The research activity presented in this paper is based on experimental measurements performed with a race motorcycle. The example of the race motorcycle has been chosen because the dynamical forces are extremely high. Forces at un-sprung masses are high during running on curbs. At the rear suspension, the forces are high due to driving torque.
The application of the method developed in this paper for consumer motorcycles should be relatively easy.
The motorcycle has been equipped with a set of SWs [1] to measure the tire/road contact forces. The acquired data have been processed to provide the fatigue load spectra of the forces and moments applied to the motorcycle as function of two standardized parameters only: the vertical force and the tilt angle.

1.4. Real Time Estimation of the Damage of Structural Components

Prognostic health monitoring (PHM) [40] may represent an attractive perspective in lightweight design. Considering the constantly increasing advance and complexity of automotive systems, sensors and components, a tool able to promptly detect faults, or provide a reasonable approximation of the remaining useful life of automotive parts, is fundamental for maximizing vehicle performances while maintaining an acceptable level of safety [41,42,43,44].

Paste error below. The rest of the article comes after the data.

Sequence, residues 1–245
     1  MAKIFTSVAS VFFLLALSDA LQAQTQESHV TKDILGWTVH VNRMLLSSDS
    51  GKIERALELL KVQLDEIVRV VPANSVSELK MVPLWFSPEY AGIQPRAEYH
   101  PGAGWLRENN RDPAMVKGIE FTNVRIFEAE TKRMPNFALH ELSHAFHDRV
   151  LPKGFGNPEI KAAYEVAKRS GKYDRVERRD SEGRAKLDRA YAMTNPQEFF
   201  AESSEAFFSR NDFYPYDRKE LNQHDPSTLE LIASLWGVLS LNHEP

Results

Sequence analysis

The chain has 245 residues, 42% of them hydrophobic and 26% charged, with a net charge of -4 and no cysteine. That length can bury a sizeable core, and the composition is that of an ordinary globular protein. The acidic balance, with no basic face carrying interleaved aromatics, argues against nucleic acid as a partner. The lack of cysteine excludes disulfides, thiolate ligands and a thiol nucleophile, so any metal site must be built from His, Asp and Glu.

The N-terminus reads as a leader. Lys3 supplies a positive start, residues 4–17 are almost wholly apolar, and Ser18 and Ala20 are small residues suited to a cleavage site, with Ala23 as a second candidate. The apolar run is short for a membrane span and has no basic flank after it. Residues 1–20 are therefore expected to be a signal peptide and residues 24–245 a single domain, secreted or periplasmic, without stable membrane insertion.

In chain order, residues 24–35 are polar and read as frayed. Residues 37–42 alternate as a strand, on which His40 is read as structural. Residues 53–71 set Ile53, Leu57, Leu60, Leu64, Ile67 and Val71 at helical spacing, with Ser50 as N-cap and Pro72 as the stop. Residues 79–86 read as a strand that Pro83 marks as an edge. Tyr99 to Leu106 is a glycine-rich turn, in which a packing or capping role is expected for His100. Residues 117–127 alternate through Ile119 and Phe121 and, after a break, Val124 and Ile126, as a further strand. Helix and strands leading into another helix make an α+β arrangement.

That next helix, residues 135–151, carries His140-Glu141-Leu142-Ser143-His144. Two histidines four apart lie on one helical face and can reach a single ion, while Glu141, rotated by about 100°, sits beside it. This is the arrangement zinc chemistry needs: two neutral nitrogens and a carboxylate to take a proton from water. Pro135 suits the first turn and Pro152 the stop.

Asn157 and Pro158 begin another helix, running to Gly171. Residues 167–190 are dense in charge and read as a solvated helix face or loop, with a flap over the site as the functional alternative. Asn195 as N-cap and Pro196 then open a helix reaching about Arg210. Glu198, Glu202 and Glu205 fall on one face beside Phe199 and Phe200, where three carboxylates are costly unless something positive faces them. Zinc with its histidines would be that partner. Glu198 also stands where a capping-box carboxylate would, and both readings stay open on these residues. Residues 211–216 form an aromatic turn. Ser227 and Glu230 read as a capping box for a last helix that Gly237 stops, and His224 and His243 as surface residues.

PHM aims to provide a real-time estimation of the Residual Useful Life (RUL) of a system, subsystem or component. In the framework of RUL predictions, two main different approaches can be distinguished in the literature, namely model-based approaches and data-driven approaches [45]. Model-based approaches rely on the availability of a validated physical model of the system under investigation, which is able to describe the damage process the system undergoes during its in-service life. Examples of analytical models of the fatigue damage of vehicle systems caused by road excitations can be found in the works of Gobbi and Mastinu [46] and more recently Jaoude [47]—in both of the works, the Palmgren–Miner linear damage accumulation rule was adopted.